I knew cloth diapering would be my choice for Liv from the start – Kevin on the other hand, was a bit skeptical. Although we work to be extra green around the Spenla household (in what we eat, in our cleaning products and in the materials we choose for remodeling, for example) cloth diapering appears on the surface to be all sorts of messy, inconvenient and just, well, icky.
But my decision had been made early on. Back in college I had the opportunity to travel down to Managua, Nicaragua with Nica HOPE to work with kids that lived in and around the city dump. Coming face to face with landfills that stretched for acres and acres was a life changing experience, and a chance to witness the devastation that piles and piles of garbage are for us and our planet makes you rethink many of your own trash habits.
Our landfills in the States don’t look quite like the versions in third world countries, but they are multiplying at a scary rate nonetheless.
Surprisingly, diapers take up 4% of that space (it’s estimated that the average little baby bum uses roughly 4-6,000 diapers in their first two & half years, that’s somewhere around 40 billion in the US alone) and since it takes between 250-500 years for a diaper to decompose, we’re talking mounds and mounds of plastic & rotting waste for our kids, our kid’s kids, our kid’s kid’s kids and so on. Here’s another crazy fact – the weight of just one year of disposable diapers used in the US is 7.2 billion pounds, and laid end to end these diapers would circle the earth 90 times.
Then there’s the whole health side of the issue and the fact that diapers contain a high amount of chemicals… and the economical point of view that cloth diapering is quite friendly on the wallet (diapering a child in disposables runs between $1500-$3000, depending on the brands you choose and how many your little one needs).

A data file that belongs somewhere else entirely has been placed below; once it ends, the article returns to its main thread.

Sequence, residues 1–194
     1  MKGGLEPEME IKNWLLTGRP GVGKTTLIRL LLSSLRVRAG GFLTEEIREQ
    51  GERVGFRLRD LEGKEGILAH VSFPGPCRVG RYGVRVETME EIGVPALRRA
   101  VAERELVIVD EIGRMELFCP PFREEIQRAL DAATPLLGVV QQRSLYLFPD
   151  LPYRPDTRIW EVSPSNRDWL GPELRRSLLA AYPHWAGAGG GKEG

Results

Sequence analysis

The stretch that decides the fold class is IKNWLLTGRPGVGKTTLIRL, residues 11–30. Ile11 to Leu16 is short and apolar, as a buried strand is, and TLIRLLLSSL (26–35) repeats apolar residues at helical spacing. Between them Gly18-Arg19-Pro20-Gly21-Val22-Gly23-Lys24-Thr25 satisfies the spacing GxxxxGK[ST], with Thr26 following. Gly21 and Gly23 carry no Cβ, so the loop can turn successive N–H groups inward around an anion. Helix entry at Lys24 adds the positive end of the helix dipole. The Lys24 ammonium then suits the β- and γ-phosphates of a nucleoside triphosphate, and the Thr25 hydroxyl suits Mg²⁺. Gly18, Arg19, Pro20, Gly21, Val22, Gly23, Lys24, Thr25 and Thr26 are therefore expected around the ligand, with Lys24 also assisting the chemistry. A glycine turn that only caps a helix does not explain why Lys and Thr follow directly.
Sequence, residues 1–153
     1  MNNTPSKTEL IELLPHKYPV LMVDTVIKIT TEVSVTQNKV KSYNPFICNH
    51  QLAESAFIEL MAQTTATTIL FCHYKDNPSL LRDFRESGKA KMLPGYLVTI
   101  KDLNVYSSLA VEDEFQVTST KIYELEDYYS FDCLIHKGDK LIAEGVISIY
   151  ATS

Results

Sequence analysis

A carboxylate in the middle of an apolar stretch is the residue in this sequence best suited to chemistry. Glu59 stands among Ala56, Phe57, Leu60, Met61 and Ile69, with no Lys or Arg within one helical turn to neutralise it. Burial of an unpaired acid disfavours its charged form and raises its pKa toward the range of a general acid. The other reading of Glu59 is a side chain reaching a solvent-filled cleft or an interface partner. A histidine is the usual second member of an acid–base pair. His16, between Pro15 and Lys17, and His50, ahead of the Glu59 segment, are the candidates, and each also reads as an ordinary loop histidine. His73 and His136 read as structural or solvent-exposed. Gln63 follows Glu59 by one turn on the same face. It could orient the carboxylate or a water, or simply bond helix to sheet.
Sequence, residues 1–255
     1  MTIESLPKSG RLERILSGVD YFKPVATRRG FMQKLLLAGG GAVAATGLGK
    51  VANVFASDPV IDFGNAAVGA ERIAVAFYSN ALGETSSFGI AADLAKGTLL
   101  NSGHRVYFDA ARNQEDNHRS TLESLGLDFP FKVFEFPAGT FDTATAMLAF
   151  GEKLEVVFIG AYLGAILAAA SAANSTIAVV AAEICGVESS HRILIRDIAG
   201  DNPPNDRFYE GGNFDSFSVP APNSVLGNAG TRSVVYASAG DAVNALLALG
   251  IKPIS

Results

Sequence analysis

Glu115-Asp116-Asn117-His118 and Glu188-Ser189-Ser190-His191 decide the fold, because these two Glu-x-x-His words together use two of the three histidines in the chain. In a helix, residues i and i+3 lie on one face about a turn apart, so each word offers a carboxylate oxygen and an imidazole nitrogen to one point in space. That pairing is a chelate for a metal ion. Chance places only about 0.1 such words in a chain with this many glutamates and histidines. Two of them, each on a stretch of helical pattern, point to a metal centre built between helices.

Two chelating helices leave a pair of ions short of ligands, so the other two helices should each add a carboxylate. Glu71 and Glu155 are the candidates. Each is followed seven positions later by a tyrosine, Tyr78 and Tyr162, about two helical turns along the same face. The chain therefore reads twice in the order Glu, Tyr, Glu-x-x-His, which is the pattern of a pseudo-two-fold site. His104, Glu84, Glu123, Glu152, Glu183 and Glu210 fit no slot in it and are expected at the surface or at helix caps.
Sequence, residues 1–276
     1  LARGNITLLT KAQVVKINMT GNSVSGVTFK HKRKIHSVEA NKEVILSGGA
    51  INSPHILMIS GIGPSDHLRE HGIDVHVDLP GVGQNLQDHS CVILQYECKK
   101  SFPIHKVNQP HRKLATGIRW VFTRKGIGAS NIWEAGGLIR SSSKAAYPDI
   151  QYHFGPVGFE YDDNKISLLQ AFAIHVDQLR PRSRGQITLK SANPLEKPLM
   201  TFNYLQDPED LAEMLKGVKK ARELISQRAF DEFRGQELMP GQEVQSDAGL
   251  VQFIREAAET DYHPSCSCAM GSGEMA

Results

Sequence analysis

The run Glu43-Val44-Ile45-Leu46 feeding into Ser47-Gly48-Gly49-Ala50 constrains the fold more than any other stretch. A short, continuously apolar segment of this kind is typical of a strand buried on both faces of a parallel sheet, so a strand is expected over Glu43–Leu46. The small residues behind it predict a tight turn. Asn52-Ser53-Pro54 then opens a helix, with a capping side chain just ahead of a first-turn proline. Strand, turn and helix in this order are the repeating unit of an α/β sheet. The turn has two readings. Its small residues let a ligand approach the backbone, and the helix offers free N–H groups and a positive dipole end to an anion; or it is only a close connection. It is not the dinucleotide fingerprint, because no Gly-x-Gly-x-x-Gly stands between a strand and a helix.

But at the end of the day it all boils down to which one’s cuter, just kidding :
All of that being said, I know the choice isn’t for everyone and there’s zero judgment on my part for mommies that prefer the flexibility and convenience of disposables (we agree – they are easier! and we’ll likely use them for travel and what not in the future). It’s a personal choice and every parent has the right to make it for their own family.
Right now we are slowly weaning ourselves off of newborn disposables. Liv was so teeny as a newborn that she really didn’t fit well into the small cloth diapers until now (although for babe #2 I’ll probably start using them sooner).
And so for the next week I’ll be checking out three versions that I’ve read rave reviews about: G Diapers, BumGenius and Thirsties – and I’ll be sharing all of the fun details here (sorry in advance to everyone out there that could care very little about what goes on Liv’s bottom – I promise there are many great remodeling and design posts to come as well!).
Clockwise from top: Thirsties, BumGenius, G Diapers
I chose these three options because they are three very different versions of cloth diapers (the concept in general has moved leaps and bounds in a more mom-friendly direction from years ago!).
G Diapers: hybrid diapers made of a soft cloth that you can fill with either a disposable, compostable insert or a cloth reusable insert.
BumGenius: a cloth diaper with no insert – or an All-In-One as the pro CD moms say (you wash the entire diaper when it gets dirty).
Thirsties: A cover that goes over a traditional three-part cloth diaper (you know, the type that used to be clipped with an extra large safety pin, the type of cloth diaper commonly used as a burp cloth today?).
Let the Baby Green project begin!
If you have any CD tips and tricks, feel free to share!